There is also the case of trying to purposely forget a bad or embarrassing memory. Although the brain cannot eliminate pieces of information completely, it is possible to block these memories from your conscious mind and as a result create the feeling of forgetting those memories. One of the ways you can suppress any unwanted memory or completely pull it out from your consciousness is by utilizing a section of the brain that is referred to as the dorsolateral prefrontal cortex in order to limit the activity of the hippocampus. The hippocampus is absolutely crucial in remembering past events.

Another way of achieving this suppression of bad or embarrassing memory is by redirecting or refocusing the consciousness away from that memory and towards an alternative happy memory.

Can you forget how to read and write?

Many victims of traumatic brain injuries (TBI) often struggle with difficulties with reading and writing. Most people that were once good readers become disinterested in reading and writing altogether because of how difficult it becomes. There are several ways in which a traumatic brain injury can affect your ability to read and write, some of them include;

  • Being unable to properly understand the text.
  • Inability to read and write the text.
  • Reading and writing induces a severe headache or makes you feel sick.
  • Even if you’re able to read and write, you can’t do so past a few lines without forgetting what you had previously read.
  • Inability to focus attention on a separate, distinct line of text.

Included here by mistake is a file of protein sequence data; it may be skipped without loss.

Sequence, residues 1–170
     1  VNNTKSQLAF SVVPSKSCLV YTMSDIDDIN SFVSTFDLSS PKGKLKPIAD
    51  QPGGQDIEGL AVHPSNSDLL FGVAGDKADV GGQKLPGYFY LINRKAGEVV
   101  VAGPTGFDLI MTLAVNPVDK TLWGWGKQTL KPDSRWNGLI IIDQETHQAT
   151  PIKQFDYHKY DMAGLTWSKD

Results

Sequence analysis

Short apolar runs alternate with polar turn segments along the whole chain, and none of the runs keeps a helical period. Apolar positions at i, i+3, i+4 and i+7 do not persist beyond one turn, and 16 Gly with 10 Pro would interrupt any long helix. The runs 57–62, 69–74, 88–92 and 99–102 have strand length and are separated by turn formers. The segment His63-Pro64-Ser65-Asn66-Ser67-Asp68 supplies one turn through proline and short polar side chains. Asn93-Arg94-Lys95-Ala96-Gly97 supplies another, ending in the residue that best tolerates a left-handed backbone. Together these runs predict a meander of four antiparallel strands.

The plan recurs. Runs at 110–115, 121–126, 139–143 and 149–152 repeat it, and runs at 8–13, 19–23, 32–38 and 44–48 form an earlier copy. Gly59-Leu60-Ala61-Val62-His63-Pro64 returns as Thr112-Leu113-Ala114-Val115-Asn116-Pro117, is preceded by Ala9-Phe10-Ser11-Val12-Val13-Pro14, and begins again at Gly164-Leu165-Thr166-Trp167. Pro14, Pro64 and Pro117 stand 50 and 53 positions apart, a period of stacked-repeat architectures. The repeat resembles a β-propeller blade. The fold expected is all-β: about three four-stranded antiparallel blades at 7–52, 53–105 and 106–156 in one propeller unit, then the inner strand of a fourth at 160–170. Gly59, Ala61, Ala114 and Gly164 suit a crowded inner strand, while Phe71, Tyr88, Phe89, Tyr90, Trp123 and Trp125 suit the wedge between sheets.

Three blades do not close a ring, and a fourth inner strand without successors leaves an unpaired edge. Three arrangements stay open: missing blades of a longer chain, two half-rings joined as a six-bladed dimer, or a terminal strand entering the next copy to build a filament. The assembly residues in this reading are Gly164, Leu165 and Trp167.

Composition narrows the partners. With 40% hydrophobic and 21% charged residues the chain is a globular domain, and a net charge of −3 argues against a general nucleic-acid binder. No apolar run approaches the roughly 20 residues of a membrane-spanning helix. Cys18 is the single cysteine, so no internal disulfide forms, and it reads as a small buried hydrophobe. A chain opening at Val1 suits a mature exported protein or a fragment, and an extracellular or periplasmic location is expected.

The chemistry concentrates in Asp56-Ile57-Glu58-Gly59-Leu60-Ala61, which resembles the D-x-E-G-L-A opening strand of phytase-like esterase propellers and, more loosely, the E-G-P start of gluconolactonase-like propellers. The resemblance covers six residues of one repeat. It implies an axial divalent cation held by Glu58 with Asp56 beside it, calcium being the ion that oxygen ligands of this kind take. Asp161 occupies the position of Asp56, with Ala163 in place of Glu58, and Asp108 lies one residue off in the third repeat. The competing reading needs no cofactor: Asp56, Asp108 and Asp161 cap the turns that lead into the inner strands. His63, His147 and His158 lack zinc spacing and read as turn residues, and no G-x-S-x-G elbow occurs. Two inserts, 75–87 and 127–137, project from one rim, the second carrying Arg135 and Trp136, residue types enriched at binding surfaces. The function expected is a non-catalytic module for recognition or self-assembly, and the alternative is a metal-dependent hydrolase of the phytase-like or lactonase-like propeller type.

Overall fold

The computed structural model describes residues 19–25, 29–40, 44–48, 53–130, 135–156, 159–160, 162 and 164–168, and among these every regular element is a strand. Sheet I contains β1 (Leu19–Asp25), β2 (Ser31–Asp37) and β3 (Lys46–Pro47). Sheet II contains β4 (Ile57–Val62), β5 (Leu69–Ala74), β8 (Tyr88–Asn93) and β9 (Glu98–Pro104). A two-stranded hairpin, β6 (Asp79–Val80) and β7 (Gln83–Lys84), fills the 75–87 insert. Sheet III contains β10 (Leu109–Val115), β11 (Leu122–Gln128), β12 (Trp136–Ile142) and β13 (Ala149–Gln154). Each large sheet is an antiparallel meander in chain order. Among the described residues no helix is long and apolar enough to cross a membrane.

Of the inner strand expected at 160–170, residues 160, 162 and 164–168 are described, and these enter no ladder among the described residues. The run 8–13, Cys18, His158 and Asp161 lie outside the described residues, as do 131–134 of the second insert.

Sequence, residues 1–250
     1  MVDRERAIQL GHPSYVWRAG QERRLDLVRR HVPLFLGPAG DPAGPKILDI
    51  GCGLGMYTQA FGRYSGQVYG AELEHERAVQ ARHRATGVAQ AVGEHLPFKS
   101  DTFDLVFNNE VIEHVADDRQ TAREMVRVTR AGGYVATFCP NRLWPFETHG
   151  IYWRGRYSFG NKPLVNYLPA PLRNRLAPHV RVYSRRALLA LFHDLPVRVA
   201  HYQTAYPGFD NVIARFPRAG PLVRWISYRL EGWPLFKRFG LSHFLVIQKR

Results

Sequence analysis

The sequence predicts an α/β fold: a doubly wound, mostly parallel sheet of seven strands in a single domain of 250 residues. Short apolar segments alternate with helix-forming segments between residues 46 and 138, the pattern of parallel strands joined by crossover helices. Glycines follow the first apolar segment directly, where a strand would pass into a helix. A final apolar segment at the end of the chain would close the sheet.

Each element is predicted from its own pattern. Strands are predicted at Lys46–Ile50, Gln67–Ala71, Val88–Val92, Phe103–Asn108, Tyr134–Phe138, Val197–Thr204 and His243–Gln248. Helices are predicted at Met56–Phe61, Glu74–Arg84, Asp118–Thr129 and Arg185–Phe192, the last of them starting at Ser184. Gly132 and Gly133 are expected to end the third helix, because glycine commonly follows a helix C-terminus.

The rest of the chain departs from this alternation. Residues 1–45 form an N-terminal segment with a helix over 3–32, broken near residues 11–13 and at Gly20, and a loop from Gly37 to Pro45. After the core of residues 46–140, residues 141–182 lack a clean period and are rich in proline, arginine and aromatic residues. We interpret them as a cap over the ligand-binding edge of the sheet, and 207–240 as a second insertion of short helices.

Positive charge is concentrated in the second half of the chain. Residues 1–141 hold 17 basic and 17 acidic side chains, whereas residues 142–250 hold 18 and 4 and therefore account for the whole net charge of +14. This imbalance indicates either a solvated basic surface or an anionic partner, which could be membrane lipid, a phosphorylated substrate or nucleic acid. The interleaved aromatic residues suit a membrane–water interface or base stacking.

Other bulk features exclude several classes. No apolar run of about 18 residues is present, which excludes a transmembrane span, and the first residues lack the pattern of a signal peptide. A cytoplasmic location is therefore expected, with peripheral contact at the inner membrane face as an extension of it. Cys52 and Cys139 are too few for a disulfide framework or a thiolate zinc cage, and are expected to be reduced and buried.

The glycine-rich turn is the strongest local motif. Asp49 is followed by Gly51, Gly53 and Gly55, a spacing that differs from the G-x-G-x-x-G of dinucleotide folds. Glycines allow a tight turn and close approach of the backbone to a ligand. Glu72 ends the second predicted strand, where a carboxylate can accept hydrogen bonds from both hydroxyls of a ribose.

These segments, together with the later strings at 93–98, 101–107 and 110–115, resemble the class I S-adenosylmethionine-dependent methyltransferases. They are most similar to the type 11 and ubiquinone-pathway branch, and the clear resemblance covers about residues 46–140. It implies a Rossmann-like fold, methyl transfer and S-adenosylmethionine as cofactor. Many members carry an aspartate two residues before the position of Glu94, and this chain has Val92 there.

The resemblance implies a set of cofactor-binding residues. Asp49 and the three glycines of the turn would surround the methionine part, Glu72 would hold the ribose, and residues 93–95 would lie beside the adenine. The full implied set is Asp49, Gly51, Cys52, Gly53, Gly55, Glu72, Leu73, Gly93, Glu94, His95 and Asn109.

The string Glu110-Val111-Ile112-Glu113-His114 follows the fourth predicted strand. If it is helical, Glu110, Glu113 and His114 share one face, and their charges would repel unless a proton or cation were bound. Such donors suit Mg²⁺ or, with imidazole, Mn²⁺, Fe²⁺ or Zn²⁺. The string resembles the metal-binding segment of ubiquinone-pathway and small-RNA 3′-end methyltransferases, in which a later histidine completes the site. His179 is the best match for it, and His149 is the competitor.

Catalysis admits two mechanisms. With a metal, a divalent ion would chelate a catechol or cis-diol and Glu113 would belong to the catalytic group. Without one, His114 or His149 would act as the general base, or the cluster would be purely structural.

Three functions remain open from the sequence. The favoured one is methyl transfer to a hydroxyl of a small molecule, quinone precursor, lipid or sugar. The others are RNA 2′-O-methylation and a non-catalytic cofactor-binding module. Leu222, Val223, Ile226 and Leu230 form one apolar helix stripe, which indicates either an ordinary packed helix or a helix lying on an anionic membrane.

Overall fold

• Experiencing great physical and mental fatigue after reading and writing.

However, there is a silver lining. Although recovering your past reading and writing skills might not be possible, with the help of special training, you can strategically improve your current ability to read and write and remember the details of what you have previously read, with the help of several technological inventions like the Dictaphone/Dictation Machine that can help you record and replay what you read to help you remember smoothly.

How long would it take to forget how to read?

Surprising, the process of forgetting how to read, where possible, is much more difficult than the process of learning to read. It largely depends on the age you learnt how to read and the teacher. If you began learning how to read, no matter how basic, from age 2 or 3, you can never truly “forget how to read”. Like so many other abilities learned at that age, you cannot simply lose the ability to carry out the action.

Conversely, it is important to note that the process of reading can become hazy after a very long period of not reading, but no sooner you look at a book, your eyes will begin darting from one end to the other and you will know what to do and how.

Even in extreme cases of memory loss like Amnesia, in which people suffer from traumatic events, procedural memories like reading, walking or lifting a chair would still be available to you as a result of the information still lodged in a part of their brain.